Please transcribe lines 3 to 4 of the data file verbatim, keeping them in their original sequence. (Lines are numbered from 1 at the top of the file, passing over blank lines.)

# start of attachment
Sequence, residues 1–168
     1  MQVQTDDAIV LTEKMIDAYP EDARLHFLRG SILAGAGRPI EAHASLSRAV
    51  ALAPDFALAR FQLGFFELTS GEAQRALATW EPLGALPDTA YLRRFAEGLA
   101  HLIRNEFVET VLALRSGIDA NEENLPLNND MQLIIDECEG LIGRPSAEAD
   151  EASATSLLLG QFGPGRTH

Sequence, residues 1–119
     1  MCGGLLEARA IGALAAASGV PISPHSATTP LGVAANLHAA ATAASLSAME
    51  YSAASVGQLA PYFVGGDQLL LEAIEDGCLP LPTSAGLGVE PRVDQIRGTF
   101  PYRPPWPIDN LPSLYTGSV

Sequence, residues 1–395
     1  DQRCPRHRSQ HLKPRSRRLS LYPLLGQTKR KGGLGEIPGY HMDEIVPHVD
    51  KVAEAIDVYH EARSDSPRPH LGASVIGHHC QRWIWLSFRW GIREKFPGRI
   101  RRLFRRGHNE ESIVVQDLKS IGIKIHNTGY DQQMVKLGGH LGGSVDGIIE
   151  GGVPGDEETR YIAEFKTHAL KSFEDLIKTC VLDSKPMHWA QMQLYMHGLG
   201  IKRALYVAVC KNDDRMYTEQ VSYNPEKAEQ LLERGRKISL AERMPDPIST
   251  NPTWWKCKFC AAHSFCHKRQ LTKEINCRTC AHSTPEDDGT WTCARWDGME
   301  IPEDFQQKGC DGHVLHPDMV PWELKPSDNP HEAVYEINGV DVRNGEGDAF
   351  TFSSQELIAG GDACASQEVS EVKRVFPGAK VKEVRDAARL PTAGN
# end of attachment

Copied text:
    51  ALAPDFALAR FQLGFFELTS GEAQRALATW EPLGALPDTA YLRRFAEGLA
   101  HLIRNEFVET VLALRSGIDA NEENLPLNND MQLIIDECEG LIGRPSAEAD